Ivies spread quickly to fill in spaces in the garden, whether you use them as ground cover or train the plant on a trellis or building. Invasive ivy plants such as English ivy (Hedera helix), grown in U.S. Department of Agriculture plant hardiness zones 4 through 9, and poison ivy (Toxicodendron radicans), which grows in zones 3 through 10, can take over a space, spreading out of control and choking out other plants. Regardless of the ivy variety, you can choose among several control methods for eradication.
Ivy can sometimes be controlled by cutting, with either hand pruners for small patches or a lawnmower for large patches. This method requires no chemicals, making it safest for use in close proximity to other desired plants, but it requires persistence -- it can take several months to completely and permanently kill the ivy. When the leaves are cut off from the roots, the plants cannot photosynthesize. Ivy might regrow from the roots after cutting, but will eventually stop growing as the food stores in the roots are expended. Thicker stems and roots might prove particularly persistent, so pull the roots out of the ground by hand or dig them with a garden trowel to hasten eradication. Always wear long sleeves, pants, closed shoes and gloves when working with poison ivy, and sterilize any pruning tools before and after use.
Nonselective glyphosate herbicide quickly and effectively kills ivy. You can purchase 2 to 3 percent glyphosate products in ready-to-use formulation, or mix your own from a concentrated product. Mix a product containing 46 percent glyphosate at a rate of 2 2/3 ounces of glyphosate to 1 gallon of water, along with 1 to 2 ounces of a surfactant such as vegetable oil to help it coat the leaves. Spray the herbicide directly on the ivy leaves and stems; allow about 10 days for the leaves to dessicate and die. You can also brush the solution directly onto cut stems, where it can translocate to the roots. Try vinegar as an alternative if you want to avoid chemical herbicides. Household distilled vinegar works, but horticultural vinegar with 20 percent acetic acid is most effective.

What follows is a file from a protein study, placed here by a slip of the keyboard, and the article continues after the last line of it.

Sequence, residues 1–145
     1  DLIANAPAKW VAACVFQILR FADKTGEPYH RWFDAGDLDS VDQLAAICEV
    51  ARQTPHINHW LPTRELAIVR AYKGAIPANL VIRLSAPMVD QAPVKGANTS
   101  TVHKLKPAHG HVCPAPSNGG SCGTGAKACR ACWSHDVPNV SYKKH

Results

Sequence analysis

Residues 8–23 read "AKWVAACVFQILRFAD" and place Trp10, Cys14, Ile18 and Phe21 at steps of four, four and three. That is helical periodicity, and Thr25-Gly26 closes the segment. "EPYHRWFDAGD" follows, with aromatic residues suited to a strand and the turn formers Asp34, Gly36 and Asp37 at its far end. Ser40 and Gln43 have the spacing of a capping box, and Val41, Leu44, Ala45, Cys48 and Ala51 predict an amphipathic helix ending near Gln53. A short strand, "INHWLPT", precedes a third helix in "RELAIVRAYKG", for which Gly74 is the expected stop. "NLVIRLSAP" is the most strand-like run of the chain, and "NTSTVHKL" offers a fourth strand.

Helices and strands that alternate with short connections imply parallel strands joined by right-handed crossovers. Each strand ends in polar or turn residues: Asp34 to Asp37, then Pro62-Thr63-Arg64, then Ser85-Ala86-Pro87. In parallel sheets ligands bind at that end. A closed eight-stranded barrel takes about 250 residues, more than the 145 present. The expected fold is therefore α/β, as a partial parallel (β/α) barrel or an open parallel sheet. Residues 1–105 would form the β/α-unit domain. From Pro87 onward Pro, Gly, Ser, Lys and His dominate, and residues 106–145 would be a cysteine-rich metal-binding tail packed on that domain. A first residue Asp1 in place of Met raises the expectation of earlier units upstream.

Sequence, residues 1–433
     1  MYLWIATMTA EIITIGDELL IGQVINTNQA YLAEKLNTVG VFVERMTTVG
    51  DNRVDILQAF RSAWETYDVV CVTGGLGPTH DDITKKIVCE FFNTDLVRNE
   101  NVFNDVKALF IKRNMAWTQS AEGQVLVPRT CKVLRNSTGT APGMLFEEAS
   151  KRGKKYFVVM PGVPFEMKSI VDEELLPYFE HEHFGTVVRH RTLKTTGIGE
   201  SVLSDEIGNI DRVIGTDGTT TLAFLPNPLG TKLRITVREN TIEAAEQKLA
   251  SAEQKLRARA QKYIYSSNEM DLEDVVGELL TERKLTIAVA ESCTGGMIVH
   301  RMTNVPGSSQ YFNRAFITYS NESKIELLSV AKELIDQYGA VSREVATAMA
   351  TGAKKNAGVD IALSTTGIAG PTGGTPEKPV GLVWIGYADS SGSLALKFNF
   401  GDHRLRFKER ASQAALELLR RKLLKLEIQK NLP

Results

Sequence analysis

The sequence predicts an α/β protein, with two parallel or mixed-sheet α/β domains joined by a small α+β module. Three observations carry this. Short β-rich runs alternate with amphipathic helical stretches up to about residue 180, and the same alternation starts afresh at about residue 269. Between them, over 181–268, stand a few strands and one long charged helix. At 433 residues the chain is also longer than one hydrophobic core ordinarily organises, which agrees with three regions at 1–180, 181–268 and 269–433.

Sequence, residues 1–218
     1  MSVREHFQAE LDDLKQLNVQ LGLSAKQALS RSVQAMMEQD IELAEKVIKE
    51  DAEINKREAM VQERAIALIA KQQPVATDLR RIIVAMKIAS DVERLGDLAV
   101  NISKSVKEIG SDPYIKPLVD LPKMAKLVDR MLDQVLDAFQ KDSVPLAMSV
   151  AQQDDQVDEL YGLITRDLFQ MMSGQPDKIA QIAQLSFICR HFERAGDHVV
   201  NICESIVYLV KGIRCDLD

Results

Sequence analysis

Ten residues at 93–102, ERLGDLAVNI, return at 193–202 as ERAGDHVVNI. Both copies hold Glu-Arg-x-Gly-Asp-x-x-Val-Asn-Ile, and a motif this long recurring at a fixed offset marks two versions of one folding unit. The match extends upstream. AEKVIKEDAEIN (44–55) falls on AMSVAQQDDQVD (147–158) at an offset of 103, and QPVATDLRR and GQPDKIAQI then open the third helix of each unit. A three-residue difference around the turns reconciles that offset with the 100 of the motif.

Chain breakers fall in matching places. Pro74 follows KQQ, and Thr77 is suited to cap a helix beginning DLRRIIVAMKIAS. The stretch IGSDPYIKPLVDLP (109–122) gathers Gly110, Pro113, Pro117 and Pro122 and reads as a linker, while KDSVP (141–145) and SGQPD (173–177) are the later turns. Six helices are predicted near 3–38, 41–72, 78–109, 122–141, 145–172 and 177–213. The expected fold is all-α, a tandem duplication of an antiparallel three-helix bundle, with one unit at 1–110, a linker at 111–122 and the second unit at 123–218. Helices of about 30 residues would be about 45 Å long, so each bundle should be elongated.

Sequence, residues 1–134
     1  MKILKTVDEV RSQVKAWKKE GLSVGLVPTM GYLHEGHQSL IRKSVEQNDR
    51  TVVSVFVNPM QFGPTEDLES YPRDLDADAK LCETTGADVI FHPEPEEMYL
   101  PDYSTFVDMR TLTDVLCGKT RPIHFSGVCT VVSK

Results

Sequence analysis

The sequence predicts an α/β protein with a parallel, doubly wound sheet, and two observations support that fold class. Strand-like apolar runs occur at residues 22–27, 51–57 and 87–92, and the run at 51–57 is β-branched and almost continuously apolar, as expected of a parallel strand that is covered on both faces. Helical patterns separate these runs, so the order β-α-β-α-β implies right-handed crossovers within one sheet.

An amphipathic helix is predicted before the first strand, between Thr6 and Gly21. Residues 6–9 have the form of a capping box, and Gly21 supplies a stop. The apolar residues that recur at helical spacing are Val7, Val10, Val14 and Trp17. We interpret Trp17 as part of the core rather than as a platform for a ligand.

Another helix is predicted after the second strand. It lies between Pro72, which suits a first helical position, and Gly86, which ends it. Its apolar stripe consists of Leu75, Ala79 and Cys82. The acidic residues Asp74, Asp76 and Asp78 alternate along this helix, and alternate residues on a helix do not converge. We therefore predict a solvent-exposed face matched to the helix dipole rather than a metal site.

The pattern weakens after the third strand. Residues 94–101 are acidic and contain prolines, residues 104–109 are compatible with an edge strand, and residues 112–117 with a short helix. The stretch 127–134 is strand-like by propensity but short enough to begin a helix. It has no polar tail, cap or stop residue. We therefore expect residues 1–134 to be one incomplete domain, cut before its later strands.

The tiny, hair-like rootlets on ivy stems, also known as holdfasts, can enter the smallest crevices to hold the ivy against buildings and trees. The bond is so strong that if you pull on the ivy while it's still alive, you risk pulling off tree bark or dislodging the mortar from between bricks and stones. Whether you cut the ivy or sprayed it with herbicide, you must wait until the foliage is completely brown and shriveled before attempting to remove it from a structure. As the foliage dies, the rootlets shrink and release their grasp on the surface. Pull gently to test the bond before pulling down hard on the vines. If the ivy grows on a building with loose or crumbling mortar, it's best to simply leave the dead ivy in place, allowing it to decay naturally.
A thick layer of mulch blocks out sunlight to help prevent ivy from growing. After you pull, dig or kill the ivy with herbicide, lay permeable landscaping fabric over the ground, overlapping the edges of the fabric by at least 6 inches. Spread a 4- to 6-inch layer of mulch over the entire area, perhaps extending a few feet beyond to account for spreading underground roots. Shredded bark mulch and other organic mulch materials decompose over time and need to be replenished with fresh mulch once or twice yearly. If new ivy shoots push through the mulch layer, cut them as far below the mulch as possible or cut the tip of the stem and brush on some herbicide to kill the plant.
- Horticulture Magazine: How to Get Rid of English Ivy in the Landscape
- Today's Homeowner with Danny Lipford: How to Remove Ivy from Walls
- Master Gardeners San Diego: Frequently Asked Questions -- Ivy
- University of California IPM Online: Woody Weed Invaders
- This Old House: Getting Rid of Groundcover
- Oregon State University Extension: Ivy Removal Fact Sheet
- Ivy Out: How to Remove English Ivy
- Missouri Botanical Garden: Hedera Helix
- Missouri Botanical Garden: Poison Ivy